Local leaders eased the chicken laws when residents lobbied for a way to raise poultry as a local food source, amid wider concerns about environmental sustainability and food safety, said City Councilor Tom Kovach.
“The idea for this wasn’t just plucked out of the air,” said Kovach. “This has been done in cities all over the world with much denser populations than ours."
Public health and odor were top of mind for city leaders who rewrote the ordinance, said City Planner Susan Connors.
Rules previously kept chicken coops at least 100 feet from the nearest home other than the owner's, and 25 feet from the nearest property line. The new rules relax those limits to 25 feet and five feet, respectively, which means chickens may be kept on smaller lots.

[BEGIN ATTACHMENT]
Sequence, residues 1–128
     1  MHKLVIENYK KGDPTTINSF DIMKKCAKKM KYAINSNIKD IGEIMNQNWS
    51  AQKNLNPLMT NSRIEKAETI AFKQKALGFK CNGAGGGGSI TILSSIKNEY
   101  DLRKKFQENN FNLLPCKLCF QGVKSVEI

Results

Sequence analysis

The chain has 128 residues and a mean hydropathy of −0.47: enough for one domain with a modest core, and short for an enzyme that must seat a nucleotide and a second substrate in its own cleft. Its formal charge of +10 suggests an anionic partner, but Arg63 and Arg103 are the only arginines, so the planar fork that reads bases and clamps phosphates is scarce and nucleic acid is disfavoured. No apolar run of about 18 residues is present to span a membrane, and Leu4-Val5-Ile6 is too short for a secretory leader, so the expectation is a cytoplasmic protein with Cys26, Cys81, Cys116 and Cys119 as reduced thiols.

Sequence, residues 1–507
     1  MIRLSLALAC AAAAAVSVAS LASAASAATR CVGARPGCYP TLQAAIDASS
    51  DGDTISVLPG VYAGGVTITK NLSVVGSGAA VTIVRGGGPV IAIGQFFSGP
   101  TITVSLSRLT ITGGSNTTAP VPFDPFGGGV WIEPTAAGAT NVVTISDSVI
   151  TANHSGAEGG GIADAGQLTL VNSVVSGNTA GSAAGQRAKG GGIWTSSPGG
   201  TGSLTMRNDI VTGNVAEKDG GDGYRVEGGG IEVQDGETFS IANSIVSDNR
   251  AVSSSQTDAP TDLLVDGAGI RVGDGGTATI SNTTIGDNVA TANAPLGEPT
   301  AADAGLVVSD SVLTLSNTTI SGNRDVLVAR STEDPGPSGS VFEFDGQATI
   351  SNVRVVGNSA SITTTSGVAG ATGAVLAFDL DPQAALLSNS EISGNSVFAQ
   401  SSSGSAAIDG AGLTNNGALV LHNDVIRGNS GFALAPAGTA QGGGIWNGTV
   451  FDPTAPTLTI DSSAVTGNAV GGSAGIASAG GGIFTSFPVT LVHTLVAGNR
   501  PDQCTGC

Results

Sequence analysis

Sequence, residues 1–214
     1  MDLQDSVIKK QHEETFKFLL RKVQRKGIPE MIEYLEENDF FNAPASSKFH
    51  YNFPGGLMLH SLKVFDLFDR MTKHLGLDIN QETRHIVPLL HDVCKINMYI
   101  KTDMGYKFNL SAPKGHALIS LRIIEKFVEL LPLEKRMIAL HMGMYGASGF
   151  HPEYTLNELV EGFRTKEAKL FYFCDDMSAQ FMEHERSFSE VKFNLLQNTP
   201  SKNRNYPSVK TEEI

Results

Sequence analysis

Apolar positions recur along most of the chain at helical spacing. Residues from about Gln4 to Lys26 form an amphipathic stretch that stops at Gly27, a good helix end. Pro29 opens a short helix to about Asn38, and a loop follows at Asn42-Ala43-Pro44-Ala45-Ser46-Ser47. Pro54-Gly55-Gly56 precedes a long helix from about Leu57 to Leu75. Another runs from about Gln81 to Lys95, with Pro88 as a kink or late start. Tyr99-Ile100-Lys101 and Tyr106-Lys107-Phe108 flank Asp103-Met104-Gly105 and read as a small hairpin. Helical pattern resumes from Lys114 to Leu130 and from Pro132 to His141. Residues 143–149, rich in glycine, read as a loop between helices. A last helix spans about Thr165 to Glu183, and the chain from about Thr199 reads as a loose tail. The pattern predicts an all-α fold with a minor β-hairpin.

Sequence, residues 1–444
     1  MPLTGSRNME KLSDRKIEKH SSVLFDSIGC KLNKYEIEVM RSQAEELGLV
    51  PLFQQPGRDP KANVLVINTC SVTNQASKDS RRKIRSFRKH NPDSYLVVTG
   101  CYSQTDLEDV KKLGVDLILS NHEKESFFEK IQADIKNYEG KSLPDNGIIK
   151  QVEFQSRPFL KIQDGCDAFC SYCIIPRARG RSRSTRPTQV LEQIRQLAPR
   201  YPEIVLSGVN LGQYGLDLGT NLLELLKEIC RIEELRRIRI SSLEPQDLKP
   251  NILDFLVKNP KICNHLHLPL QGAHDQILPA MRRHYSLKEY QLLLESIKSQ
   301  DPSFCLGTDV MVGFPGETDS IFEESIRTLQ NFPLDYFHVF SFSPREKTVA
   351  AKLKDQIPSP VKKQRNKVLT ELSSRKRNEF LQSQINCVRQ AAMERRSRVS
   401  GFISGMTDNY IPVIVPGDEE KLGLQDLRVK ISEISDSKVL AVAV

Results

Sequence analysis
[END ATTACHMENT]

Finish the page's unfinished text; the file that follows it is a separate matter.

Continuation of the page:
They also require chicken coops to be clean, well kept and built to prevent flies and vermin. They ban outdoor slaughter of chickens. And, roosters are still unwelcome.
Those seeking the new rule say chickens are a good investment.
“We love our chickens," said Norman resident Kim Frakes, who lives on a corner lot that was already large enough for chickens. "They are part of our family."
Details for this story were reported by The Norman, Okla., Transcript.